Samuelle Green, Judith Henry & Lizzie Wright
On ViewCatskill Art Space
Samuelle Green, Judith Henry & Lizzie Wright
February 4–March 18, 2023
Livingston Manor, NY
In October 2022, the Catskill Art Society opened its expanded and renovated space on Main Street, Livingston Manor, and renamed itself the Catskill Art Space. It showcases three installations on view through 2027 in its second-floor galleries—James Turrell’s Avaar (1982); Sol LeWitt’s Wall Drawing #991 and Wall Drawing #992 (both 2001); sculptor Francis Cape’s A Gathering of Utopian Benches (2011–12)—and on the ground floor photographer Ellen Brooks’s Hang, 2023, is on view through 2023. The first floor features rotating exhibitions of contemporary artists.
The current group show includes two women, Lizzie Wright and Samuelle Green, who have made the Delaware watershed their home. Judith Henry is based in New York. Each artist presents visually arresting works backed up by challenging ideas. Green’s sculptures and installations are an inquiry into natural forms and our relationship with them. Henry’s paintings and figurines explore the disconnect between cultural representation and our inner lives. Wright transforms her dense materials into ethereal structures on the verge of dissolving. The throughline for all three artists is an insistence that what we overlook, reject, or discard is precisely what we need to connect with.
To that end, their practices repurpose everyday objects. Green’s installation, marshmallow polypore (2023), includes pages from old books that the artist rolls into cones to create two structures that fill up the room. The title comes from Green’s fascination with natural forms, and the result does look like two enormous fungi or coral reefs. One structure has its own cavern, perfect for that wayward octopus or insect looking to find a home. While her installation shares superficial similarities with Tara Donovan’s structures, Green’s sensibility comes from a different place. Donovan emphasizes the industrial sameness of her mass-produced elements to suggest affinities with Post-Minimalism and Process art. The discarded book pages that build marshmallow polypore are all the same size, but each announces its own character as a separate book page with a past that connects to the world beyond the gallery. Green varies the color of her pages from one section to another, something Donovan would never do, to celebrate the infinite subtlety of the natural world that so often goes unnoticed.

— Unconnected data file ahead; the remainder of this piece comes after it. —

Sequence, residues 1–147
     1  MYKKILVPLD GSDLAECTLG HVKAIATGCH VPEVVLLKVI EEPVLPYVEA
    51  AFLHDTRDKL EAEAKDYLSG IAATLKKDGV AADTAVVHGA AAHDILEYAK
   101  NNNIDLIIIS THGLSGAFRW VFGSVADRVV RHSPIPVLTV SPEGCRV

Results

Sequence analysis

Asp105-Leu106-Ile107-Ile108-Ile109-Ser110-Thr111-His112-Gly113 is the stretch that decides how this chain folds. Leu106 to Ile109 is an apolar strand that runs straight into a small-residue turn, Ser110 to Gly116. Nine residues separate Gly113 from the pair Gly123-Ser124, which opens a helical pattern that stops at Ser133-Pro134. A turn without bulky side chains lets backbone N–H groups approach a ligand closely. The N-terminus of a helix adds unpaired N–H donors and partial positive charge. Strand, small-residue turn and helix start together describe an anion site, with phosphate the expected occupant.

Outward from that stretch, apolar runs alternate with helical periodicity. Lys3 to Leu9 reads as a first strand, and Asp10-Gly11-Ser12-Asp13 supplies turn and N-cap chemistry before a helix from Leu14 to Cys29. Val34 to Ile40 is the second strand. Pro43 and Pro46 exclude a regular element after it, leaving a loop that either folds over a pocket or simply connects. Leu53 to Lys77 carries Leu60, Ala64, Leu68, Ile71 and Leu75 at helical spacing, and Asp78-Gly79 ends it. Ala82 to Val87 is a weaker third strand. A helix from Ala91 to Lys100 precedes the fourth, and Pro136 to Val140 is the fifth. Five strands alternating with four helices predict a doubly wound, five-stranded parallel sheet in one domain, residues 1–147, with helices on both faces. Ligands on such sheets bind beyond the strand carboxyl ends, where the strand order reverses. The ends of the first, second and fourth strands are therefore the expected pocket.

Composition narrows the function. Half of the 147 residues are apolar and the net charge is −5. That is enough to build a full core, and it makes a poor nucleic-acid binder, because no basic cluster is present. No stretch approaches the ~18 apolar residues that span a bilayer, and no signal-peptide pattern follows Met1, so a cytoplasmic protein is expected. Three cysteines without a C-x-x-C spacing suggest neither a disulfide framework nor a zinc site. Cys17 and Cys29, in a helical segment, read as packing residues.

Henry incorporates all kinds of scraps into her installation Casting Call (2017–22). Occupying two walls, Casting Call incorporates dozens of small figurines, some no more than four or six inches tall. Made from used buttons, cloth, string, magazine cut-outs, paint, bits of plastic, and more, no two are alike; each has its special charm. A standout looks like Plankton, the villain from SpongeBob SquarePants, with one staring eye and two cloth arms crossed in defiance, asking “What are you looking at?” These are more than just cute-looking little dolls, and Henry embraces silliness to make a serious point. We are all different, obviously, but what differentiates us are our “defects.” More to the point, these are what make us interesting. Self-love means shedding the agony of conforming to some arbitrary ideal borrowed from peers or the media (Instagram!) to embrace our peculiarities. Casting Call says, “Come as you are and join the parade!”
Discovering the found materials in Wright’s sculptures takes a little more looking but they are there. Mailbox (2021) standing about four feet high with its domed top, does look like a glass mailbox. The long bolts jutting out of its sides bring on the awkward “Frankenstein” quality of her work, alluded to in the press release. At the same time, the lighting coming from within dematerializes the sculpture with a soft even glow. Peeking inside the piece between the bolted-on plates of glass reveals two yardsticks attached to the mounts for the lighting. What are they doing there? What else is hiding in these sculptures? It turns out the glass plates in Wright’s work come from old windowpanes that she melts down into thick sheets and imprints with tire tracks. Tire tracks are literally all over her work, from the works on paper to her sculpture. Tire tracks are so common—so fleeting no one thinks about them—but it is hard to think of another emblem that brings together so many American obsessions, from crime forensics to the promise of “freedom” traveling on endless highways. The rough poetry of Wright’s work goads us, as does Green’s and Henry’s, to give up the habits of mind and eye that cloud our understanding.